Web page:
Turkey's Tourism Industry
Turkey’s tourism industry is vital to the country’s economy. After declines in the past two years, Turkey now reports an increased number of foreign visitors again.

Domestic and international political tensions dramatically intensified the downward trend. Numerous terrorist attacks in late 2015 and throughout 2016, which were partly attributed to Kurdish militants and partly to ISIS, claimed hundreds of lives, including many foreigners.

In July 2016, a bloody military coup against the government of Turkish President Tayyip Erdogan was quelled but led to the declaration of a state of emergency by the government that persists until this day. The situation has been used to justify an extensive crackdown on civil servants and civil society, including the closure of media outlets and non-governmental organizations and the detention of journalists, members of the parliament and human rights activists. The violence and political instability left tourists worried about their safety in Turkey.

The neglect of human rights and democratic values has also chipped away from the image of the country’s leader in Europe – an unfavorable image only further deteriorated by the “war of words” he has been waging with EU leaders. Recently, Erdogan has repeatedly made negative headlines throughout Europe, not only with his domestic policies but also with his hostility toward several members of the European Union, whom he accused of Nazism and fascism, for instance.

Visitor numbers from Russia also saw a steep decline in 2016. A diplomatic crisis had emerged between the countries, after Turkey shot down a Russian military jet close to the Syrian border in November 2015. The Russian government reacted by banning charter flights to Turkey and barring tour companies from selling deals to Turkey. Prior to the crisis, Russians had made up the second-largest group of visitors to the country, generating $34 billion in revenue in 2014 by themselves.

According to the Istanbul Culture and Tourism Directorate, the numerous crises amounted to a total drop of 25.9% of visitors in 2016 compared to the previous year, amounting to losses of billions of dollars in the industry, which is vital to the country’s economy: a report from the World Travel & Tourism Council stated that the travel and tourism sectors had generated 12% of Turkey’s 2014 GDP, based on its direct, indirect and induced GDP impact.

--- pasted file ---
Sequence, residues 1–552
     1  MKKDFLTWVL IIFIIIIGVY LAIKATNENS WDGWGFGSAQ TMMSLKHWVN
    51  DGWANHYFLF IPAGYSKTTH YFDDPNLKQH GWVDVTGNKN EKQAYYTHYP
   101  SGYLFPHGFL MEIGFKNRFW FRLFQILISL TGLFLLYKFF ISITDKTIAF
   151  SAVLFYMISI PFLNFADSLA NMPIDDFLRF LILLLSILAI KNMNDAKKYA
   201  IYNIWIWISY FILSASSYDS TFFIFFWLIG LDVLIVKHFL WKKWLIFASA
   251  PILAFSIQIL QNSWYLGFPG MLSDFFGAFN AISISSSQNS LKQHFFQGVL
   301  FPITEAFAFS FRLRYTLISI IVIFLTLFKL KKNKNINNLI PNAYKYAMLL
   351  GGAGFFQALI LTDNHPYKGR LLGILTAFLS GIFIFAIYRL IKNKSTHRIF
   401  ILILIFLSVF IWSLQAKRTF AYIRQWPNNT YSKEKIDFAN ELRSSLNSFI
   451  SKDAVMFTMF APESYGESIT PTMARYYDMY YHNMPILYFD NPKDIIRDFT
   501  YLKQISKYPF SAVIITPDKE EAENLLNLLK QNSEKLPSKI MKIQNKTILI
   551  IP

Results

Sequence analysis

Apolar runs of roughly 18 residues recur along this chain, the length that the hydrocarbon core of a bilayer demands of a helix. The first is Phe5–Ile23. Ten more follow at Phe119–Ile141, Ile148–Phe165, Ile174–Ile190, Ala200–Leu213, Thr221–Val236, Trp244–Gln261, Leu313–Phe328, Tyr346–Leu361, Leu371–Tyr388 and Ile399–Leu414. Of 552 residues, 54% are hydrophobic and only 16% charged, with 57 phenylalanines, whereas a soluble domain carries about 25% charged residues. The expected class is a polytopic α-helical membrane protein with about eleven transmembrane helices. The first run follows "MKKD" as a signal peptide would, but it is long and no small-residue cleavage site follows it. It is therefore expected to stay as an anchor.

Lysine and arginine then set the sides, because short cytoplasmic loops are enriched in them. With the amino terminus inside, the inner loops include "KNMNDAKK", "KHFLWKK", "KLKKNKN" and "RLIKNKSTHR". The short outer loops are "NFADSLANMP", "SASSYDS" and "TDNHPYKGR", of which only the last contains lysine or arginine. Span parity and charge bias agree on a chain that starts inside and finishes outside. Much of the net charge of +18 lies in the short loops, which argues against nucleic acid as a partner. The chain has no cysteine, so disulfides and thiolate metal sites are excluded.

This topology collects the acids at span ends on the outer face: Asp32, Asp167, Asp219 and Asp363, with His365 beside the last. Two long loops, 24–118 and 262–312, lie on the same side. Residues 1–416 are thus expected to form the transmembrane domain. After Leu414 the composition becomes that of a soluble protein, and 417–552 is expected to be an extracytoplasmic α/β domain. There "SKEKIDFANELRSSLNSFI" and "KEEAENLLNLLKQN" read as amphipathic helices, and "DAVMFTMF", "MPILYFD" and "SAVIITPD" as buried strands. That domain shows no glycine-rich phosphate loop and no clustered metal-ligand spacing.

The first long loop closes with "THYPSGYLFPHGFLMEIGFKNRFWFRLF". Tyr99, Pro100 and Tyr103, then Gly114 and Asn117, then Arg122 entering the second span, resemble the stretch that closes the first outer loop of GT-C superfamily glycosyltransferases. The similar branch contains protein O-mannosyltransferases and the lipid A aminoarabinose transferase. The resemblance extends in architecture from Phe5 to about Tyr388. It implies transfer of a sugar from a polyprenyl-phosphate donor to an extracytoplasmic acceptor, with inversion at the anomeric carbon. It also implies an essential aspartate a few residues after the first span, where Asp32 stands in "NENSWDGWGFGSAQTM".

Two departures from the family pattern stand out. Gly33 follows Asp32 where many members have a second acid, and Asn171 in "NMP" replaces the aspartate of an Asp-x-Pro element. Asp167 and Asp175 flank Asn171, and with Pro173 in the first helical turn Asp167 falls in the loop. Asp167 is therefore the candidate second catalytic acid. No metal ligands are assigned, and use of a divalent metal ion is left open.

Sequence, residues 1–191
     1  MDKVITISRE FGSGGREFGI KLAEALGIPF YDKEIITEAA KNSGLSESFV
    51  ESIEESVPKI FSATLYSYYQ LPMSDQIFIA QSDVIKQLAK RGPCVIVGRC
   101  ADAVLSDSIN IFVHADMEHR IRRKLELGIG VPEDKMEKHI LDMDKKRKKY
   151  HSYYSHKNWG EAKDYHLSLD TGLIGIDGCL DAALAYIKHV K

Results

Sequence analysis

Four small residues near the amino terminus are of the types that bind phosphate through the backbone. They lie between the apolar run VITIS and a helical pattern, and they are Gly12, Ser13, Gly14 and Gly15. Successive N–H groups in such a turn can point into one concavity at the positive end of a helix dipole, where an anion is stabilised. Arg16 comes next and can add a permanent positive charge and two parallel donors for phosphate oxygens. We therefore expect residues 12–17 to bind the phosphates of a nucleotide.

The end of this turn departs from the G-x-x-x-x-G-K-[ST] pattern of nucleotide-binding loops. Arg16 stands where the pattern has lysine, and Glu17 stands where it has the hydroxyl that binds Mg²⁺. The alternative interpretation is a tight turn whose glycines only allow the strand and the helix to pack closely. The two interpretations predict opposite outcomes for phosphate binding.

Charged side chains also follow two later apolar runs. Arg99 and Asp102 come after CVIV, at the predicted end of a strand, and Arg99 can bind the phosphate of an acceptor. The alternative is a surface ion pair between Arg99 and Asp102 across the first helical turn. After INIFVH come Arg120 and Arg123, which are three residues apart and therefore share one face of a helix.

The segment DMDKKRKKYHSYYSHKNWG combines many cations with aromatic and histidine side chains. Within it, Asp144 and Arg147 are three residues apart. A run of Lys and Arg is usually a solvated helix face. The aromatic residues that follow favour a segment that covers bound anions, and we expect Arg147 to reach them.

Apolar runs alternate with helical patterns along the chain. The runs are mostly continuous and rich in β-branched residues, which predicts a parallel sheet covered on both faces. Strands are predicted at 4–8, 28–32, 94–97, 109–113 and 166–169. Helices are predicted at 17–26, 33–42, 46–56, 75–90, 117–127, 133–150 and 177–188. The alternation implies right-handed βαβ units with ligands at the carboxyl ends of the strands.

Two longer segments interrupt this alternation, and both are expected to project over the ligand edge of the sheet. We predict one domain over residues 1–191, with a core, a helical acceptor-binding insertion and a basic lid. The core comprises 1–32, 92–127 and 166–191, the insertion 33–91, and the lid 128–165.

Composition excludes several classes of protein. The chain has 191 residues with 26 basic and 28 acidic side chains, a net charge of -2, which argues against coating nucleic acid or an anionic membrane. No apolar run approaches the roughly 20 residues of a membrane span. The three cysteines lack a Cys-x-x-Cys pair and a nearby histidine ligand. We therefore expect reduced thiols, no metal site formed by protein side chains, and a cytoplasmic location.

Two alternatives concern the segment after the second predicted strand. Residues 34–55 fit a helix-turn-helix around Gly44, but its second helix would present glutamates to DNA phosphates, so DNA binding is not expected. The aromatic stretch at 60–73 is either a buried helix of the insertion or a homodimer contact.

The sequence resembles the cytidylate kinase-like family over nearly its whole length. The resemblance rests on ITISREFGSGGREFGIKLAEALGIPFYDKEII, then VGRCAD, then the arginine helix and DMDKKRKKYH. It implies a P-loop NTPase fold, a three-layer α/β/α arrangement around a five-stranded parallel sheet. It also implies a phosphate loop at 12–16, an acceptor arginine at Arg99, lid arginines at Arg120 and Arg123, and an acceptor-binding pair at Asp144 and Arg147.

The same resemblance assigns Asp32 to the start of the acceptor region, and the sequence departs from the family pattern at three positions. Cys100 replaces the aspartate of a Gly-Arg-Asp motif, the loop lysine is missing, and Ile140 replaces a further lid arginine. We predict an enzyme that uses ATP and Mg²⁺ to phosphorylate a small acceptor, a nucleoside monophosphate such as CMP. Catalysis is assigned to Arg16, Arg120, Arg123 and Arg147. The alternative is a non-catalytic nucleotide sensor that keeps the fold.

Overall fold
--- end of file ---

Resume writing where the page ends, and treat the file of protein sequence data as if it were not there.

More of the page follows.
However, last year, many beds, beaches and restaurants stayed empty during the summer months, which in turn forced many businesses to drastically lower their prices. This tourism crisis threatens the livelihood of the eight percent of the workforce employed in Turkey’s tourism industry, as well as other businesses dependent on foreign consumers.

After the Russian government’s crackdown on travel to Turkey has ended, Russian tourists now flock back into the country. In April 2017, visitor numbers finally increased again compared to April 2016, but they still remained lower than pre-crisis levels.

Additionally, Turkish hoteliers hope to make up for some of their losses with domestic tourism, but visitors from within Turkey tend to spend less than tourists from Europe or the U.S. The German Tagesschau quotes a hotel operator in saying: “It is not only about increasing the number of visitors and filling up hotels. If the room rates remain low, our problems remain, too.” Despite recently increasing revenues, a challenging time still lies ahead for Turkey’s tourism industry.

Lena Riebl